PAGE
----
Administrative cost and regulatory burdens

The advantages of limited liability and separate legal personality inherent in the corporate form are counterbalanced somewhat by the relatively high administrative burden and a strict regulatory environment. This means relatively high ongoing compliance costs and responsibilities in relation to auditing and record keeping, and increasingly, the burden of corporate social responsibility, both regulated formally, such as whistleblower responsibilities, and informally, by way of the management of public perception and reputation, especially for larger private and public companies.
Further costs are also associated with creating the documents needed to establish many companies, including the company constitution, shareholders agreements, and a range of compliance and governance policies that might support the workings of the board and the company more broadly

Proprietary and Public companies

Although there are many types of company, the two most common are proprietary limited and public. Proprietary limited companies (also called private limited companies both colloquially and formally in some other jurisdictions) are often styled as “Pty Ltd”, and have at least one, but no more than 50, shareholders. This places some restrictions on the size of the company itself, but with a commensurately lower compliance burden.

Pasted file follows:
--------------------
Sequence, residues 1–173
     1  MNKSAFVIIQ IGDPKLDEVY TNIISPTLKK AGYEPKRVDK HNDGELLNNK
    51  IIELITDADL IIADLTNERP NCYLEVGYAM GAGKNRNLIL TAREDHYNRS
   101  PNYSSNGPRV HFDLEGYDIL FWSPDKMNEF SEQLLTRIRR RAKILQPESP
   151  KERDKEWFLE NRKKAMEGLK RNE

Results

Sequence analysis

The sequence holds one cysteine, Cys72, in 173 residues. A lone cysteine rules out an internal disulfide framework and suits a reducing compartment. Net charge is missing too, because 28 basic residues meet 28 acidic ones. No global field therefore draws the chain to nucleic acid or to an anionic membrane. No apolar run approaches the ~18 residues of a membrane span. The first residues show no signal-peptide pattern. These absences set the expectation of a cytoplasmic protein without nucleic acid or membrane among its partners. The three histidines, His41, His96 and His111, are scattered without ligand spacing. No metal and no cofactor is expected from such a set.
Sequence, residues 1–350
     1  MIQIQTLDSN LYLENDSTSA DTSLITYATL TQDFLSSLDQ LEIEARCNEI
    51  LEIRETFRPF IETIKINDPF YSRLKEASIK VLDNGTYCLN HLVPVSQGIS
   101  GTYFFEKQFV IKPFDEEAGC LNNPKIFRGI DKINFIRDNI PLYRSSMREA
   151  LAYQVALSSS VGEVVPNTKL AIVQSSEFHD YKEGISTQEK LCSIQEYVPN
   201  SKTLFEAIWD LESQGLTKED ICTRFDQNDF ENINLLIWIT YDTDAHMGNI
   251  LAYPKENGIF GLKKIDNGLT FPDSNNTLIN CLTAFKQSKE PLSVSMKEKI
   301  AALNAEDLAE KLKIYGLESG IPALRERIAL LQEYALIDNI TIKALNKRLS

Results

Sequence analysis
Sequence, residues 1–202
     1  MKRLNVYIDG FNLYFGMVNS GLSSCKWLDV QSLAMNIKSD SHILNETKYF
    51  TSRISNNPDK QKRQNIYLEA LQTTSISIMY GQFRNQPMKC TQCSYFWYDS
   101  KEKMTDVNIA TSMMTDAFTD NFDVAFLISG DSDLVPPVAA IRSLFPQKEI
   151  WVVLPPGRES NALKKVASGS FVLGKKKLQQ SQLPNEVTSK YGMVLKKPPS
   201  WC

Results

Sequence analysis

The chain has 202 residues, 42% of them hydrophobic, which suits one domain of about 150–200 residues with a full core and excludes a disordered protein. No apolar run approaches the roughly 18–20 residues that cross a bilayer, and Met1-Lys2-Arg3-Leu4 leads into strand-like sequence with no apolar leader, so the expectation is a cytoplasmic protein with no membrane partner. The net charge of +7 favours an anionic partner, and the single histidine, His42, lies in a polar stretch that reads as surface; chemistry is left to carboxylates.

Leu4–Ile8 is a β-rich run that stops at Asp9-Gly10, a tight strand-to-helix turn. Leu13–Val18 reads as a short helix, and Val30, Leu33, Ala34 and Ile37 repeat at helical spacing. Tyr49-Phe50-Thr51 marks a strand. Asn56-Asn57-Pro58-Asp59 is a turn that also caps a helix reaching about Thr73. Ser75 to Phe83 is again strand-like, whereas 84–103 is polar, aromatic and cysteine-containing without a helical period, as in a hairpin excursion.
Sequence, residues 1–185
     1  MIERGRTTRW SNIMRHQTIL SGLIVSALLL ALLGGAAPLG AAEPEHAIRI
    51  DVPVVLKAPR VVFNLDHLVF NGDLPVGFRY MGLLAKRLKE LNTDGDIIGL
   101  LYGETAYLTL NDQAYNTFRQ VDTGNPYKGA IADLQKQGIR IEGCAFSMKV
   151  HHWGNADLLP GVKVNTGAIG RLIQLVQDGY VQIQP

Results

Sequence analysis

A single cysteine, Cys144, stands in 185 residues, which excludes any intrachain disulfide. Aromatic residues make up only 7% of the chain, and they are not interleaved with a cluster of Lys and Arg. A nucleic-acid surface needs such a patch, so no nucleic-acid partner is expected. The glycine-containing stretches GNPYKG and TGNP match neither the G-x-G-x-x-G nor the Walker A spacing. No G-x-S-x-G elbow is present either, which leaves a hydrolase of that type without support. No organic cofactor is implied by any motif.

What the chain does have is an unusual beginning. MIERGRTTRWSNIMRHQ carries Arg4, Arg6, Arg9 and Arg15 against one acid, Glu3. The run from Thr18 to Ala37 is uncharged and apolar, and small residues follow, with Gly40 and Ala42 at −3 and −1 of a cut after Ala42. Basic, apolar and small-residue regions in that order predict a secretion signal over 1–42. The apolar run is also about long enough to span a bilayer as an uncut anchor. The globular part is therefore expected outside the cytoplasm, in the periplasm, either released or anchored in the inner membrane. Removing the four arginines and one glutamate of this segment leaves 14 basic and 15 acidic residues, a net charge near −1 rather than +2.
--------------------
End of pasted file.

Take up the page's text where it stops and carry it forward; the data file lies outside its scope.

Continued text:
By contrast, public companies can issue shares directly to the public and have no limit on the number of shareholders they may have. To facilitate sale to the public, many public entities list their shares on stock exchanges (the principal exchange in Australia being the ASX), where the exchange maintains and regulates the complexities of the shareholders’ register, notifications, and announcements to the market. Although this can be a great way to raise capital and raise the public profile of the business, it comes with a substantial additional layer of regulation and public scrutiny, and is likely to increase the power of the board, where in closely held companies shareholders are much more likely to retain power. There is also significant valuation risk in listing, as the open market may not value aspects of the company which are prized by private investors.


The corporation is a structure with a huge number of advantages and few limitations, and this basic form has, over the last 200 years, become the backbone of economic activity around the world. They are versatile, well understood around the world, and extremely flexible. Their business structures protect investors through limited liability, whilst permitting the board bespoke powers to run the business as needed. Whilst these advantages are somewhat dampened by the administrative cost of establishing and maintaining corporate governance, it is unlikely that corporations will be dethroned as Australia’s most popular form of business structure any time soon. For advice tailored to your business plans on whether a company is best suited for your vision, get in touch with the team at Hazelbrook Legal.

Material in this article is available for information purposes only and is a high-level summary of the subject matter. It is not, and is not intended to be, legal advice. You should first obtain professional legal advice prior to taking any action on the basis of any information contained in this article. This article is copyright. For permission to reproduce this article please email Hazelbrook Legal: